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Five privacy-focussed cryptocurrencies you need to know about

Newer cryptocurrencies have developed cunning tools to obfuscate and obscure transacting parties – here, we unpack five leading privacy-focussed cryptocurrencies, or ‘darkcoins’.

While Bitcoin represents an open and transparent peer-to-peer monetary system, its use hasn’t granted participants the privacy once thought. While Bitcoin is pseudonymous in that the identities of transacting parties are obscured, trades aren’t anonymous – meaning that transaction details and transferred funds are open to all to see.

Those seeking to conduct private transactions can, however, turn to privacy coins – cryptocurrencies that intentionally obscure or obfuscate the details and/or identities of transacting parties.


Originally created in 2014, Monero is sometimes recognized as the most visible privacy coin.

Monero leverages the concept of ring confidential transactions – a means which essentially bundles together sending and recipient addresses and renders transaction flows opaque. Further, technologies such as ring signatures and stealth addresses can obscure both the sender and receiver in any given transaction.

For these reasons, Monero has quickly risen in popularity – and its focus on privacy has presented a strong focus on fungibility.


In a somewhat alternative approach to the protocols leveraged by Dash and Monero, Zcash has risen to fame for its use of ‘zero-knowledge proofs’ (called zk-SNARKS).

Fundamentally, this allows data recorded on a blockchain to serve as a private means of verification. The Zcash enables the encryption of both sender and recipient addresses alongside transaction amounts – meaning that any analyst attempting to determine the origin, destination, and nature of a given transaction might well be stymied.

Importantly, Zcash does not obfuscate the IP addresses of its users – meaning that Zcash cannot hide personal identifiers linked to public data.

Bitcoin Private

A newer entrant on the list of privacy-focussed cryptocurrencies, Bitcoin Private has its origins as a ‘merge fork’ of Zclassic and Bitcoin.

If that doesn’t make any sense, let’s back up.

In the beginning, Bitcoin itself was forked into Zcash, which was then again forked into Zclassic. Earlier this year, Zclassic proponents elected to re-brand the cryptocurrency project to Bitcoin Private in a bid to enthrall new users by using the Bitcoin brand name. Fortunately, the bid paid off, and Bitcoin Private is now ranked as one of the top 100 cryptocurrencies by market cap.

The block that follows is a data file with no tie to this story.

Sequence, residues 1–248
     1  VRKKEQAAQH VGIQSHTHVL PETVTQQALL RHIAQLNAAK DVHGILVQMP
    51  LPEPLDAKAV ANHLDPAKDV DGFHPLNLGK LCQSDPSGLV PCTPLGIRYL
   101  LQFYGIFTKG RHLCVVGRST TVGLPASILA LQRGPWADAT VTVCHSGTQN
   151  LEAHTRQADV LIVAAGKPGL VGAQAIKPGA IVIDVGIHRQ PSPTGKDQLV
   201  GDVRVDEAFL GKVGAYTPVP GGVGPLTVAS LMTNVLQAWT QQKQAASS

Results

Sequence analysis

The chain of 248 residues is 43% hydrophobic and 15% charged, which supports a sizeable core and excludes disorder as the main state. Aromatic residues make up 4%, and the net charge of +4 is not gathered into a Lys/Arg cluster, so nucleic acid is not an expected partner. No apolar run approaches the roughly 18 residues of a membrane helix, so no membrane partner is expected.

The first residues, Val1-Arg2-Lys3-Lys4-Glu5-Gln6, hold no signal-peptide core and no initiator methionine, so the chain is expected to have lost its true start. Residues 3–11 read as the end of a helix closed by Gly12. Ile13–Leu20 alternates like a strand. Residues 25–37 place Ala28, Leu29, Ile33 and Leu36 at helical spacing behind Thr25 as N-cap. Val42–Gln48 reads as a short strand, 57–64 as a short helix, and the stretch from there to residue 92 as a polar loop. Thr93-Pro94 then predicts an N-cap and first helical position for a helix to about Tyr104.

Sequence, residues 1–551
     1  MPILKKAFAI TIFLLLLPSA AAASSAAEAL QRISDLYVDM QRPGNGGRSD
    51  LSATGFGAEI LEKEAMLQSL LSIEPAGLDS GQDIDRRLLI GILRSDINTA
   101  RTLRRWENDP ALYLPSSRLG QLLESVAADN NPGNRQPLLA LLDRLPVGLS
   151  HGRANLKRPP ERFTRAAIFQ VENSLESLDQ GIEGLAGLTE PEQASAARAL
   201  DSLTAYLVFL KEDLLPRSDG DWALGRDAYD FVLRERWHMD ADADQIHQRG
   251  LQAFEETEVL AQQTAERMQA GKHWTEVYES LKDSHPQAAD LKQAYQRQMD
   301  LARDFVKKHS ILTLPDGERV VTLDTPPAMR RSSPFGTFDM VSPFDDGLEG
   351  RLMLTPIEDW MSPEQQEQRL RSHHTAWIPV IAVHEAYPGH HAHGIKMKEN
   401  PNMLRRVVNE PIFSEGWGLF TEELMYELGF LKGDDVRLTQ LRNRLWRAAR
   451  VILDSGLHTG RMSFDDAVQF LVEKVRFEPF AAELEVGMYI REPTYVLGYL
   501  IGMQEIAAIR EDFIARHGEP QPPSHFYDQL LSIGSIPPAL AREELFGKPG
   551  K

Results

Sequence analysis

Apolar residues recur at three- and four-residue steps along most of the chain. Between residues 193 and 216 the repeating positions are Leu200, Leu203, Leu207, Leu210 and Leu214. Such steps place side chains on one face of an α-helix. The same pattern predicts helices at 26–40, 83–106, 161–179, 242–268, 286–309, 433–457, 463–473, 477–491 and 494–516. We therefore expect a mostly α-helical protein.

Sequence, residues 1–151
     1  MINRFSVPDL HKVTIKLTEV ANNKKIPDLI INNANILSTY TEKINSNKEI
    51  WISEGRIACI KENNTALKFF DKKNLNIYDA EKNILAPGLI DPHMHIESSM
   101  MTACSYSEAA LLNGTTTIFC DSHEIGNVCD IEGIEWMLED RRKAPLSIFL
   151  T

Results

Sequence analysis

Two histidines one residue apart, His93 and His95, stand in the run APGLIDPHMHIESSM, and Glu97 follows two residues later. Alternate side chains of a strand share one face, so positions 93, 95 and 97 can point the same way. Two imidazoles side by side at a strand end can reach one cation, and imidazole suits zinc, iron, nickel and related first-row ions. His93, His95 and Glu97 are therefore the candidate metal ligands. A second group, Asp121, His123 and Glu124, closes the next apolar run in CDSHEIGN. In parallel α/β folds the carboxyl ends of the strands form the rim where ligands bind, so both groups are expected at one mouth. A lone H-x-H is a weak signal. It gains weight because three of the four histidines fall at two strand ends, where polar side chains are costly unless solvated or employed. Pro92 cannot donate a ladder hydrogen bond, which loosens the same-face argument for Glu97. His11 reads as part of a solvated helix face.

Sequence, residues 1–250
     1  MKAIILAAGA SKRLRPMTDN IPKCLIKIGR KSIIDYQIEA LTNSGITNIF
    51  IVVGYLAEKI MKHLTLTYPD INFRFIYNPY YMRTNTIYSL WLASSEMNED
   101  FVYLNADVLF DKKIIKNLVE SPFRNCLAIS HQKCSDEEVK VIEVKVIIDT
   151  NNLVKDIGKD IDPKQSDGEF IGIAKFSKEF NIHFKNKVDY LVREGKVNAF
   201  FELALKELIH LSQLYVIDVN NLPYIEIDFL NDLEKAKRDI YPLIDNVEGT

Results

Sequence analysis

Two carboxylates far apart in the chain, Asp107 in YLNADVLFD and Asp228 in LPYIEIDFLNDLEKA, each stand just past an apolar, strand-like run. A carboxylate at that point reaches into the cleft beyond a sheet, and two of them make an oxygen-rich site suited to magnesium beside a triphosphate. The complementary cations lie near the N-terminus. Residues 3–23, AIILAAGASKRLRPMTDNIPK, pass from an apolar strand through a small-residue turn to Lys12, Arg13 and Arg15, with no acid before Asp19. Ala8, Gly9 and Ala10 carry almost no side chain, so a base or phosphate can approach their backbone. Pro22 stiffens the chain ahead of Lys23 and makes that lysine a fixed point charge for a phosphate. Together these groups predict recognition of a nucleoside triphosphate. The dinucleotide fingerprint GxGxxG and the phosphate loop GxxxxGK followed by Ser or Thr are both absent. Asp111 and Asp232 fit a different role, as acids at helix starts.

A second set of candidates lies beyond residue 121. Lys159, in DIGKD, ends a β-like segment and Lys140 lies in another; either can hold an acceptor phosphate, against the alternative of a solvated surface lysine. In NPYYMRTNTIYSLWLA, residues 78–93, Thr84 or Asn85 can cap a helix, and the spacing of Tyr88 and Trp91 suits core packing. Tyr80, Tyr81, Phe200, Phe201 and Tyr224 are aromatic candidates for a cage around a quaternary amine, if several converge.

Bitcoin Private essentially introduces Zcash’s zk-SNARKS technology to Bitcoin users, and offers both a larger block size and advocates ‘decentralized mining’ through ASIC resistance.


Digital Cash, or Dash, originally started life as DarkCoin – a privacy-focussed effort. Today, Dash is one of the largest cryptocurrencies by its market capacity alone, which presently stands at some $2 billion USD.

Dash is unique in the sense that it provides both a transparent and ‘opaque’ method of transaction. While Dash users can opt to issue Instant transactions which are recorded on a blockchain similarly to how the Bitcoin blockchain functions, transacting parties can also use its PrivateSend feature, which uses a decentralized ‘mixing’ service.

Essentially, this enables three or more participants to pool their funds – leaving any intended transaction obfuscated. The cryptocurrency has its limits, however, and at present only allows 1,000 DASH to be spent per PrivateSend transaction.


Similarly to Dash, Verge is a newer cryptocurrency which offers its users the option to either send public or private transactions.

Verge leverages its ‘Wraith Protocol’ to enable users to differentiate between sending transactions on a private or public ledger.

Unlike other privacy-focussed cryptocurrencies, Verge does not ensure cryptographic privacy – instead, the cryptocurrency uses Tor and I2P routing to conceal a user’s identity when participating in transactions.

Verge has, however, suffered numerous hacking attempts in the recent past, which has seen malicious parties walk off with undisclosed sums.